Through the federal program BARDA-DRIVe, the Center for Biotechnology will receive financial resources to support the incubation of businesses that can innovate in the detection and treatment of sepsis. Sepsis is among the most expensive conditions treated in US hospitals, as well as a leading cause of hospital readmission, according to HHS.
“Stony Brook’s selection by the Department of Health & Human Services reflects our longstanding commitment to leadership and innovation in the fight against infectious disease,” said Stony Brook University President Samuel L. Stanley, Jr., MD. “Our stellar faculty is uniquely equipped to foster translational research in critical areas of health security.”
Stony Brook’s proposal is aimed at mining the robust academic portfolio of biomedical research within metropolitan New York, according to Clinton Rubin, SUNY Distinguished Professor in the Department of Biomedical Engineering in the College of Engineering and Applied Sciences.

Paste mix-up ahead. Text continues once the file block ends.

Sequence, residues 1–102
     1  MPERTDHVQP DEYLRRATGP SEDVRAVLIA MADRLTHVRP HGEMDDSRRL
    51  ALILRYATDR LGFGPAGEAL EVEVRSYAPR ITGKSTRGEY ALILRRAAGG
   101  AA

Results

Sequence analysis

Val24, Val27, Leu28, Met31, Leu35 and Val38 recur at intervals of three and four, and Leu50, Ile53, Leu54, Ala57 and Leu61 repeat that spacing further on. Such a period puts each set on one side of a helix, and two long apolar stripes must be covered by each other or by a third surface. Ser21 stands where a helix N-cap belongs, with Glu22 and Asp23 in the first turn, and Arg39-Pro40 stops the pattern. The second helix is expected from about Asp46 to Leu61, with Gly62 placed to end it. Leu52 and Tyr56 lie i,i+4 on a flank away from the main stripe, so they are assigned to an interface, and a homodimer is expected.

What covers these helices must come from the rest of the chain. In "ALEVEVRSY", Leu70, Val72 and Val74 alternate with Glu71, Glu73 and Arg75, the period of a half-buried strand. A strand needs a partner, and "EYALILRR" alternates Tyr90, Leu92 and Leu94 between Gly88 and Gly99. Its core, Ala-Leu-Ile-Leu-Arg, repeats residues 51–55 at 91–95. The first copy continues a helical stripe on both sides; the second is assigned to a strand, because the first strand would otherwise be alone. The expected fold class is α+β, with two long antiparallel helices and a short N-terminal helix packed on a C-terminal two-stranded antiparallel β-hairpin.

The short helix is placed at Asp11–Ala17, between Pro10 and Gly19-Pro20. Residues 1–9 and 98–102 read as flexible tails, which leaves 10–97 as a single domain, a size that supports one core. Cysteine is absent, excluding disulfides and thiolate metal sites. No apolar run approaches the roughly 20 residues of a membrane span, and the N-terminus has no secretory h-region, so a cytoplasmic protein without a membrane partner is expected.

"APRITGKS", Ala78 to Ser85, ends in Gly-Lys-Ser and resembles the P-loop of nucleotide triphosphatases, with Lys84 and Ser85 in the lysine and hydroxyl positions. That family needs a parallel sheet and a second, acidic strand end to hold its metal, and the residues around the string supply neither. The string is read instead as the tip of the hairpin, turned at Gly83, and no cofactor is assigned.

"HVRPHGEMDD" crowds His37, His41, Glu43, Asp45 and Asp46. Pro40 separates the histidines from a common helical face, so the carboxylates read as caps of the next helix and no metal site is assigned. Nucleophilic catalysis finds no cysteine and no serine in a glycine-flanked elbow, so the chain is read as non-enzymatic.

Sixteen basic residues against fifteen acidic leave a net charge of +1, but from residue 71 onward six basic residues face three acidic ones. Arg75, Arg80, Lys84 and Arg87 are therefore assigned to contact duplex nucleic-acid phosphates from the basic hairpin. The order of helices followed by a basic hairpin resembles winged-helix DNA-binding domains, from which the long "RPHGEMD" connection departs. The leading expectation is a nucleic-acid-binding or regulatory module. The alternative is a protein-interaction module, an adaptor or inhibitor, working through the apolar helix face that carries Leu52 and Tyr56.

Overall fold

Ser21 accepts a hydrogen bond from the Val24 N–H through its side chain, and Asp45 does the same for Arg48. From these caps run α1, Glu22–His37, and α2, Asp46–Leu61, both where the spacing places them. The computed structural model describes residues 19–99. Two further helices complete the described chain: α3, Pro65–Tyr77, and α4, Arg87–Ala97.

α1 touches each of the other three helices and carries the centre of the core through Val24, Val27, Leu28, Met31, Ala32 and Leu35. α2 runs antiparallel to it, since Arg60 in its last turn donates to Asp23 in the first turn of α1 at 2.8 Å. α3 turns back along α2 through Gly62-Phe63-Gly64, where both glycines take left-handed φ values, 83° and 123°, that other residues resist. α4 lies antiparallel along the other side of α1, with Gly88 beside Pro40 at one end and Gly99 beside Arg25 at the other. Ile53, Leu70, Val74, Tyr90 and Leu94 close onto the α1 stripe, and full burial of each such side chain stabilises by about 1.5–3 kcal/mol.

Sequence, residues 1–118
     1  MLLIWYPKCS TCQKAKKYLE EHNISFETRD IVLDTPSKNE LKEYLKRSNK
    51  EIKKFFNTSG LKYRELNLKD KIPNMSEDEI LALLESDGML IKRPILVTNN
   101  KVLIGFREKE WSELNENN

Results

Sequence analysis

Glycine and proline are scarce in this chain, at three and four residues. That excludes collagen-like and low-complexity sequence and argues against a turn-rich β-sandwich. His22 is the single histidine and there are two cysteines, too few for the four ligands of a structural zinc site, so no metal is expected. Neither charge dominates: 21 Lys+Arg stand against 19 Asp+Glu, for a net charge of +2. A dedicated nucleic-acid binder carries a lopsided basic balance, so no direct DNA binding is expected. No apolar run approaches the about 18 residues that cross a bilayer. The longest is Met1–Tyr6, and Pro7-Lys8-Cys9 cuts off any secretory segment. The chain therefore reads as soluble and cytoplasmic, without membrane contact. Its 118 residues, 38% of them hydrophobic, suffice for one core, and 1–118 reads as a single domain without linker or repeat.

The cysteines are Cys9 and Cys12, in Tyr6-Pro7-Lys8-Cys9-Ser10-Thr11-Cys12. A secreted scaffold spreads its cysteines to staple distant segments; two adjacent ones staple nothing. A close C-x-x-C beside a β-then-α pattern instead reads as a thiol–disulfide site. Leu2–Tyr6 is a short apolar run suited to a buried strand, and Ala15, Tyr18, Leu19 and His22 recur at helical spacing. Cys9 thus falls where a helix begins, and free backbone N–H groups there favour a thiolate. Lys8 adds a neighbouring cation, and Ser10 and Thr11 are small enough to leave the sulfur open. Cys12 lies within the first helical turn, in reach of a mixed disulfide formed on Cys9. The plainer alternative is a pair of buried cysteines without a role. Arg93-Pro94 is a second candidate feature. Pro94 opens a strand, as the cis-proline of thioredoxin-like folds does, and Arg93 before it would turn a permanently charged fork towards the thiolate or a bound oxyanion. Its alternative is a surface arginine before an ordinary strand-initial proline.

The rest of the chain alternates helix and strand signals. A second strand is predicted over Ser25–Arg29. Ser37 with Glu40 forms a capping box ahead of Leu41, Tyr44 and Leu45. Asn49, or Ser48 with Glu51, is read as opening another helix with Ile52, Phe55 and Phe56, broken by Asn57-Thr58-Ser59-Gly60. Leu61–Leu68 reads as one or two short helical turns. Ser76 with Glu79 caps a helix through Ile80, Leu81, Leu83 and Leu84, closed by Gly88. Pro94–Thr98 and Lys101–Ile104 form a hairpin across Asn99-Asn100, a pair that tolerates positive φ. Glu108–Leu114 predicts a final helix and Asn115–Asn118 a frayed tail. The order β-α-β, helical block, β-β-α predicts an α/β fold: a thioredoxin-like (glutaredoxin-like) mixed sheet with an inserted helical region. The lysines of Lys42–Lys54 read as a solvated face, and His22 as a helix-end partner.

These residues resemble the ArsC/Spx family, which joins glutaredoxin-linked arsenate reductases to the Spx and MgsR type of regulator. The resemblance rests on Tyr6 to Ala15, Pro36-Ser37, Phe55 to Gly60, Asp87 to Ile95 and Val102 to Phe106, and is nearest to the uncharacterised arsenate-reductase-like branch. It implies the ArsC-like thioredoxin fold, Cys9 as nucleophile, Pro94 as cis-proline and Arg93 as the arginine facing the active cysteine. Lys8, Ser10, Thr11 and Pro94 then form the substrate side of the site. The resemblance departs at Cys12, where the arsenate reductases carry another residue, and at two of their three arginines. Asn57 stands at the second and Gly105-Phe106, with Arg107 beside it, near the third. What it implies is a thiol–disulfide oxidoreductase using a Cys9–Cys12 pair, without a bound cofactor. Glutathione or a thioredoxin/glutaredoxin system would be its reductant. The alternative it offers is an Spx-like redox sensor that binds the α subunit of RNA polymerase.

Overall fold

“We are very excited that Stony Brook University’s Center for Biotechnology has been selected as one of eight HHS-BARDA-DRIVe accelerators, nationwide, each directed to support innovators to develop Health Security Innovations within our ‘ecosystem’,” Rubin said.
Stony Brook’s Center for Biotechnology develops bioscience innovations into next-generation biomedical products, facilitates new company formation and expansion, and supports the overall growth of the bioscience industry in New York State. The Center hosts the Long Island Bioscience Hub in collaboration with Cold Spring Harbor Laboratory, Brookhaven National Laboratory and the Feinstein Institute for Medical Research, with additional support provided by the National Institutes of Health REACH initiative (Research Evaluation and Commercialization Hub), Research Foundation for SUNY, and Empire State Development.